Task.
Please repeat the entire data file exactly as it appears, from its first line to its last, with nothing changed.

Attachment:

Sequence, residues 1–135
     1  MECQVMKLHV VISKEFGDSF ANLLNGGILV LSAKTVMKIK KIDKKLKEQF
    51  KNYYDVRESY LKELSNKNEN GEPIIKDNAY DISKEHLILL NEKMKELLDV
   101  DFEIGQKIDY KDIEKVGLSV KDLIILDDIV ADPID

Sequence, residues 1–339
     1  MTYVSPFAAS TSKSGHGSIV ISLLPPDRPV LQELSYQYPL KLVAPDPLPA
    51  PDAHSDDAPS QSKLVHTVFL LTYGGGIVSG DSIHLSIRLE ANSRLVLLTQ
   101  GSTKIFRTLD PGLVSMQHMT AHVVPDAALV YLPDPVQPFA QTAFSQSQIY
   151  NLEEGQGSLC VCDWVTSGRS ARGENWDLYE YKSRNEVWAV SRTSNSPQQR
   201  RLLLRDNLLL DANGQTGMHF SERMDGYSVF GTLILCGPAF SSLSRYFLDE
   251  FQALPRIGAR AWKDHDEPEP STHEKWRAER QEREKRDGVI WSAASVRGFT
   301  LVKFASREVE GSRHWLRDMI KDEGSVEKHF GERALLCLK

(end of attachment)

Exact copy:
Sequence, residues 1–135
     1  MECQVMKLHV VISKEFGDSF ANLLNGGILV LSAKTVMKIK KIDKKLKEQF
    51  KNYYDVRESY LKELSNKNEN GEPIIKDNAY DISKEHLILL NEKMKELLDV
   101  DFEIGQKIDY KDIEKVGLSV KDLIILDDIV ADPID

Sequence, residues 1–339
     1  MTYVSPFAAS TSKSGHGSIV ISLLPPDRPV LQELSYQYPL KLVAPDPLPA
    51  PDAHSDDAPS QSKLVHTVFL LTYGGGIVSG DSIHLSIRLE ANSRLVLLTQ
   101  GSTKIFRTLD PGLVSMQHMT AHVVPDAALV YLPDPVQPFA QTAFSQSQIY
   151  NLEEGQGSLC VCDWVTSGRS ARGENWDLYE YKSRNEVWAV SRTSNSPQQR
   201  RLLLRDNLLL DANGQTGMHF SERMDGYSVF GTLILCGPAF SSLSRYFLDE
   251  FQALPRIGAR AWKDHDEPEP STHEKWRAER QEREKRDGVI WSAASVRGFT
   301  LVKFASREVE GSRHWLRDMI KDEGSVEKHF GERALLCLK